Assemblywoman Marianne Buttenshon (D-Utica/Rome) announced a bill she sponsored creating criminal and civil penalties for disseminating personal images has passed the Assembly (A.1121-C)/ Senate (S.7211-B).
“Almost three years ago, the life of 17-year-old Bianca Devins was cut short in a senseless act of violence,” said Buttenschon. “Her tragic death was exploited for likes and follows after her attacker posted pictures of her body to various social media sites. Nobody should ever have to endure a trauma like this. Those social media users who spread these types of photos and videos should face consequences. This bill creates consequences for this type of behavior, and it is very close to becoming law.”
In July 2019, 17-year-old Bianca Devins of Utica was stabbed to death after attending a concert with her attacker. Her attacker took photographs of her body and posted them online, after which other people began posting them to various social media platforms, as well as sending them directly to members of Devins’ family. The response to the spread of these photographs by social media sites, including Instagram, Snapchat and Twitter, has been widely criticized as slow and inconsistent.
“The Legislature provided some solace to two grieving families with the passage of “Bianca and Caroline’s” law, said Senator Diane Savino (D-Staten Island/Brooklyn), who sponsored the legislation in the Senate. These families faced the horror of the brutal murders of their young daughters only to endure further victimization when the images were shared on social media. We must make sure that our laws keep pace with evolving technology.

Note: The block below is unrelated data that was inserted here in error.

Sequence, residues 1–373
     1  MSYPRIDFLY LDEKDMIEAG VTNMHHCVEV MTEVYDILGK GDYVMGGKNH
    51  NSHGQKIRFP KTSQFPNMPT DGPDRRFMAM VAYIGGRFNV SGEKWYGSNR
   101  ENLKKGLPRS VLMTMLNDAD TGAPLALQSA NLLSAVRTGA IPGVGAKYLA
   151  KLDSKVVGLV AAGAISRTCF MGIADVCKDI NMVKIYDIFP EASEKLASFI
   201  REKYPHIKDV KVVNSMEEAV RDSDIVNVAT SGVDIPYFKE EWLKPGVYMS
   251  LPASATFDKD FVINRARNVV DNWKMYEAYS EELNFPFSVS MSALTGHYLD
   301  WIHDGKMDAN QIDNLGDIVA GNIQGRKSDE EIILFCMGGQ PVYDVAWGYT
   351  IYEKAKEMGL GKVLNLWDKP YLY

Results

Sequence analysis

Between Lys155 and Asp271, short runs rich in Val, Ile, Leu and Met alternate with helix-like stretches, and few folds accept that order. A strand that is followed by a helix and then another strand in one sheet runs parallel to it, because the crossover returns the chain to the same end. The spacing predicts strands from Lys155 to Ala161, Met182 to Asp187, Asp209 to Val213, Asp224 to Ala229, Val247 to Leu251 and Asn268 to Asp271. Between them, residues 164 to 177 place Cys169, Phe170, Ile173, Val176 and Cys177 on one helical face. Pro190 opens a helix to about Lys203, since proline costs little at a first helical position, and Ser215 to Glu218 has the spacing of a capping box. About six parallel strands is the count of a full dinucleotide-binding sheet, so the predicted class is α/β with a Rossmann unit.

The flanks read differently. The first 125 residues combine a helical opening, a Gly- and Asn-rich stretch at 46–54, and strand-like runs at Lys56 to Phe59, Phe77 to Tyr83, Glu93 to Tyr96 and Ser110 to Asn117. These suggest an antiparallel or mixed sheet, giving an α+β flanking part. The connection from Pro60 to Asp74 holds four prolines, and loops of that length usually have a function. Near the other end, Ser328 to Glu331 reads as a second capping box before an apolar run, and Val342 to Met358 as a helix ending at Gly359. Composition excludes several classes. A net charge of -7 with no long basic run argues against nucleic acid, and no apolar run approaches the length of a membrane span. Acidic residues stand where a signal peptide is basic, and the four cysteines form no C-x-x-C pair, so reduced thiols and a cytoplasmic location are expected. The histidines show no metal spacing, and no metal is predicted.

Publishing trophy photos of a crime victim on Facebook is one of the cruelest things a person could do. Caroline Wimmer’s family suffered twice: first when the 26-year-old was brutally murdered and again when they learned pictures of this vicious crime were heartlessly plastered on Facebook for entertainment by a public servant.
I am proud Caroline’s family never gave up fighting for this important law. This problem has only grown since Caroline’s law was first introduced and passed in the Senate and now we are joined by the grieving yet strong family of Bianca Devins, who have joined the fight to stop the dissemination of these images.”
“I am pleased that this legislation, which I cosponsored, has been passed by the Senate and Assembly,” said Sen. Joseph A. Griffo (R-Utica). “It will hold those who decide to share and disseminate gruesome, disturbing and violent images online accountable and help to protect grieving families from experiencing the painful loss of their loved ones all over again.”
Buttenschon’s legislation would establish the crimes of unlawful dissemination of a personal image in the first and second degrees and create a right of private action for such offenses (A.1121-A). These images have no place on the internet and social media, and those individuals who attempt to capitalize from disseminating gruesome or demeaning images should face consequences for the trauma they cause, noted Buttenschon.